for error as well. Dare I ask how much? Yeah, so they start at 2.8 million dollars
plus tax, and X works and then you can add things
on top of that. We put in a huge effort
to make the best car we can for the purpose it's intended for. It costs an absolute fortune
but it doesn't mean we make a fortune. We're a profitable company,
like any other normal company. But not more. It actually costs that much to make them,
create them and obligate them. So, what we've done compared to the RS
is we have elongated the wheelbase, by elongating the carbon fibre monocoque. We made a little bit of room here,
a little bit taller inside. So the glass areas
are a little bit bigger. It's to be able to catch
the short basketball players. Underneath here we also have…
Like we pioneered on the 1 to 1. Active moving flaps. On this one it's bigger than ever before. You can see them if you lie down there.
They're hydraulically operated. When we want maximum downforce,
they're up. And as we gain speed and downforce
increases more than we want to we push them down and bleed off
the downforce and reduce drag. And we do that together
with the right height control, bump and rebound control
and rear wing angle. The break here you can see
we have this big wing operating also as an air break. And it also bleeds off when you go faster. Yeah, your classic top mounted wing,
of course. Yeah, so it's a very efficient way. The underside is what creates downforce. To have that clean
makes it more efficient. And this curve of the wing
is actually to follow regulations not sticking outside of the car. But I understand you've made life hard for
yourself and developed your own gearbox. Correct. One of our engineers who has
been working here for 23 years, a really clever guy, he said,
"Why don't we do this, this, this, this?" That seems interesting.
It was a bit, like, can it be that simple? Then we started calculating and it seemed
like this will actually work. Then we just went all in a year ago
and started developing this gearbox. So, it's like a derailing system
on a bike, more or less. You have two or three gears in the front and six, seven, eight or whatever
in the rear. Together they can combine 25, 28 gears,
but there aren't 28 gear sets. The onboard computer
will calculate how many gears can I shift without over revving
and still having the rev range. And it does that, like that. So, given the new turbos,
given the crankshaft and the firing order. and the new cylinder heads and everything, we achieved 1280 horsepower
on 95 octane fuel, from a 5 litre engine, with super good response like… From just your standard petrol forecourt? Exactly or 91 octane in the US. Then if you fill up a full tank of E85,
you have 1600 horsepower. Is there space for an all electric
hype car like this in the future? Yeah, potentially.
I mean, if we take the Regera, if we tear out the combustion engine, it is 800 volt, series produced,
700 horsepower electric car. We could just put more batteries in there and then another motor
to have 1200 horsepower. And the rest would already work. To do what the Regera can do, if you made a full electric car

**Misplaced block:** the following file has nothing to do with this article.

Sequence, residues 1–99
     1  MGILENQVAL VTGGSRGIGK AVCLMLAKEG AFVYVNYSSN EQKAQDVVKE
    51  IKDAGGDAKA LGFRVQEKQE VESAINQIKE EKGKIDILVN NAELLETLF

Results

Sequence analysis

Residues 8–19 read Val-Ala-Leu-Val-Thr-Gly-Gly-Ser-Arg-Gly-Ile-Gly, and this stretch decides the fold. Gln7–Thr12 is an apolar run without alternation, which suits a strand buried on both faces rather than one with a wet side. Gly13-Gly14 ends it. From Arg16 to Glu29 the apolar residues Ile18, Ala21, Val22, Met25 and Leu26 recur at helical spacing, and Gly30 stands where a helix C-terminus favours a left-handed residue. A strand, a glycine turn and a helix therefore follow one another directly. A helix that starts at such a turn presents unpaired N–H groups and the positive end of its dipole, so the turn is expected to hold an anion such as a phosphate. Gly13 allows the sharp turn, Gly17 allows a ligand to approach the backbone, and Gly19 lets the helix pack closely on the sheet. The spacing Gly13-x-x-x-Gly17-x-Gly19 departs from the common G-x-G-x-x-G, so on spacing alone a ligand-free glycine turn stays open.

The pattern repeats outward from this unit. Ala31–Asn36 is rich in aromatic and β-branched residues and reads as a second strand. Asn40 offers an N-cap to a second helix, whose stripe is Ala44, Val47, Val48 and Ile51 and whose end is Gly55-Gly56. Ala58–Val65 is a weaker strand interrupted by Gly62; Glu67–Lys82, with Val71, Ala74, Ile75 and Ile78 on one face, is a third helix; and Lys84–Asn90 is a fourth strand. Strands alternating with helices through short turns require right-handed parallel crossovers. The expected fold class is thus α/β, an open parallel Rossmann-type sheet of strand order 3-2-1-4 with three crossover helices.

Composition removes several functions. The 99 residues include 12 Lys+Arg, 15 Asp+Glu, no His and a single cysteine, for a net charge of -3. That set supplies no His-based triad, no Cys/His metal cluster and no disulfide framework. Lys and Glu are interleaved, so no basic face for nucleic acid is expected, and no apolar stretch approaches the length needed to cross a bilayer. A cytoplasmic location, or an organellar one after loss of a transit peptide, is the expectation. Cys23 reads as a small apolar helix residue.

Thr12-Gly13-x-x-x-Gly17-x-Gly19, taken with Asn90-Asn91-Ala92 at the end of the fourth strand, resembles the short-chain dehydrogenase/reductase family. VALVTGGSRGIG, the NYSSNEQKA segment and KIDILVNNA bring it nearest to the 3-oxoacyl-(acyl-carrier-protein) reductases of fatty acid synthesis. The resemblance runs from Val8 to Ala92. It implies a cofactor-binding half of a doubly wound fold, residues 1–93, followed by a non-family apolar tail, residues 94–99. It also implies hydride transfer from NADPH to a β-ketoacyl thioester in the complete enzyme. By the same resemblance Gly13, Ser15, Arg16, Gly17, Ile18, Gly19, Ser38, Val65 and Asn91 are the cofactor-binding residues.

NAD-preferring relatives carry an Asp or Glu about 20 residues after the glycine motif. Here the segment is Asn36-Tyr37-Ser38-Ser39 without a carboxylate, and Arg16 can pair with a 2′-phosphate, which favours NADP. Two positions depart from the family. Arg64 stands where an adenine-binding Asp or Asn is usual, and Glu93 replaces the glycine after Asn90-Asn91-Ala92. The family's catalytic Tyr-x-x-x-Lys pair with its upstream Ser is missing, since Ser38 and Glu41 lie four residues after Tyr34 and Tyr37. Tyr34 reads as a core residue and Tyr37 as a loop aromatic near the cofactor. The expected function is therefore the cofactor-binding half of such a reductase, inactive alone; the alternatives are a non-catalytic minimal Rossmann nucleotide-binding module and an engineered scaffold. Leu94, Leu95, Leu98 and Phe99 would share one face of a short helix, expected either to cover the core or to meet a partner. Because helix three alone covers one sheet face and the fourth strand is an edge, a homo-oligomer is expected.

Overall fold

with the range and power and so on, it would be 600 kilos heavier
according to our calculations. But as soon as the BEV
can flat-out beat a hybrid, maybe we sacrifice a sound
and we do a full BEV. But we don't see that
in the next couple of years, or the foreseeable future even. What's interesting, the tyre is actually
2 times heavier than the wheel. Tyre manufacturers need to up their game. They're slowing you down. -How much for a set of these?
-It's about $65,000. -What! Are the carbon wheels optional?
-They are. Yes. That's the standard wheel,
let's say the first version of it. We're still tweaking it a little bit. We're gonna to slightly carve out
some more material from here to optimize the weight even further. But that's the basic look of the wheel. Some would say that for $3 million,
you should get the fancy wheels for free. You can always try. Okay, throw in a set of wheels for free
and you've got yourself a deal. You can always try. Here's a little bit of a Brucey bonus
that we weren't expecting today. I suppose these sort of things happen when you spend a day
at the Koenigsegg Factory. Basically, they needed to do a little bit
of tuning work on one of the Regeras. One of the 80 cars of their building. They said, "Jack, do you want to jump
in the passenger seat? We're gonna head down the runway
and blast about in a Regera". Well, I wasn't about to say no. This is Koenigsegg's hybrid,
so 1500 horsepower, 700 horsepower electric,
1100 from the combustion engine but they reach peak power
at different points so 1500 total. Very, very excited about this. This is a 2, 2.5 million pound car
and they're going to let me in it. See in a bit Well, that was quite an experience. That is my first time in a Koenigsegg,
actually I don't think I'm going to forget it
in a hurry. Don't know if you saw but we pretty much
did 0 to 300 kilometres an hour, then hard on the brakes back to zero. In not very much space at all.
I was literally hanging out the seatbelt. You expect this thing
to go ludicrously fast but you probably don't expect it
to break quite like that. What a thing! It's one way to wake
yourself up in the morning, isn't it? All right, so this, apparently,